London is blooming.
The sun is rising earlier and the sun is setting slower. Warm days draw office workers out to the grassy patch of Lincoln Inns Fields at lunchtime, rainbows of tulips are dotting parks and windowsills, and young professionals are spilling out of the pubs in the early evening to enjoy an outdoor pint and England’s favorite summertime tipple, Pimms cup, is making its seasonal appearance.
The Shoreditch and Kensington rooftop film clubs are already gearing up for their summer outdoor cinema and the walls of the tube station are plastered with adverts for the upcoming summer season of outdoor events: Royal Ascot, Proms in the Park, a festival for this, a festival for that (Europe loves festivals!).
And then just as quickly as London teases us with a burst of sunshine and the promise of warmth she rains on our parade with a burst of spring showers. Such is the month of May in London’s maritime climate. Someone once told me that the weather in London consists of two weeks of summer, two weeks of winter, and eleven months of early spring. I have to concur with that!
As London begins to open its arms to the welcomed change in seasons and shake free of the weight of winter I too can feel a change within myself; a blooming of my inner self in my new locale as I build friendships within my expat spouses groups, become more involved with the local charities I volunteer with, connect with other civic minded women through the Junior League of London, and learn the ins and outs of life in London.
As I began to start writing and gathering pictures for an upcoming ‘one year in London anniversary recap’ blog post, I’m reminded of the exciting, bittersweet, and often hectic emotions involved with moving to another country. A new culture, a new way of doing things, perhaps a new language (some would argue that the United States and the United Kingdom are two countries divided by a common language!); even the well-seasoned expat is never fully prepared for the emotions that ebb and flow. Feelings of frustration and loneliness can mount just as frequently as awe and enchantment as you fall in love with your new city. I got a good chuckle out of an article on Huffington Post I read last week that humorously compared the ways moving to a new country was like becoming a new parent. The similarities were comically uncanny.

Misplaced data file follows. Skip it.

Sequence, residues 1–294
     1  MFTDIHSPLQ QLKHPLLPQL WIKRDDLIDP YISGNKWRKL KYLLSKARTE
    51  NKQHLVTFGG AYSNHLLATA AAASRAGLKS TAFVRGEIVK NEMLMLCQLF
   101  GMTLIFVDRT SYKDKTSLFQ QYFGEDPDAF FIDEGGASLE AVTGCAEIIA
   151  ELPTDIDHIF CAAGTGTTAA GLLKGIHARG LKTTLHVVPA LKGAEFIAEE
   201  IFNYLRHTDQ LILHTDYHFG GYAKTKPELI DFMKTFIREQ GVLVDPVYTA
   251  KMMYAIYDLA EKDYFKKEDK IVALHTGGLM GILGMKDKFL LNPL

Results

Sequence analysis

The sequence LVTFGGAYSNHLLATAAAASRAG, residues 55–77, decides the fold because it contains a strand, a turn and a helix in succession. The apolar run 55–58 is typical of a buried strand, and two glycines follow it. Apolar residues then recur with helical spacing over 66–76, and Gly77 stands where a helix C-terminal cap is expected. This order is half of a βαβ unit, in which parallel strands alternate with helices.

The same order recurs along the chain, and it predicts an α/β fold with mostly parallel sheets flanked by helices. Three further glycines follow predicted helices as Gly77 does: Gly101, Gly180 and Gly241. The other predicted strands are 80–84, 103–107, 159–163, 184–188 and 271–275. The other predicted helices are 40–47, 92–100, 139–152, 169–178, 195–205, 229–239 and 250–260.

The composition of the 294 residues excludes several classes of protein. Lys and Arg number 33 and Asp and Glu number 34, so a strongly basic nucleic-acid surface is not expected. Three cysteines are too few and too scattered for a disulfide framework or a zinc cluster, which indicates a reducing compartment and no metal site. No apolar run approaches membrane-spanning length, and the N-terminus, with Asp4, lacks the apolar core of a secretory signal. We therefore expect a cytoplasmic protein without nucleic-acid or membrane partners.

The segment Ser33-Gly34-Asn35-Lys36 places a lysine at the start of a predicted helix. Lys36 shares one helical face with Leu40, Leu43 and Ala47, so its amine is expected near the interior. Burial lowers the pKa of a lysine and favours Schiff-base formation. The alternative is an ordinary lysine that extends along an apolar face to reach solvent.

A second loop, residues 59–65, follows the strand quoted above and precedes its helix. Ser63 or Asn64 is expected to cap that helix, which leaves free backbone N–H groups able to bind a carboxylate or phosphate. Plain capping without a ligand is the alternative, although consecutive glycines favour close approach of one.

Both Dan and I have lived abroad before; four years in Tokyo for Dan and two years just outside of Seoul, South Korea for myself, but our separate relocations back then were eased by the awesome support and benefits we received from our employer’s well-oiled transition teams. We were forewarned by predecessors that this move would be far more dynamic however, and the burden of getting ourselves situated with life’s little necessities such as establishing local bank accounts, finding a flat to let, etc would fall largely on our shoulders.
I’ll admit there were countless moments of frustration and doubt in the early days of our move but after ten months of being in the Big Smoke, I finally feel settled in the new rhythms of my life. London is my home now. I have found my place under the sun, or rather, clouds.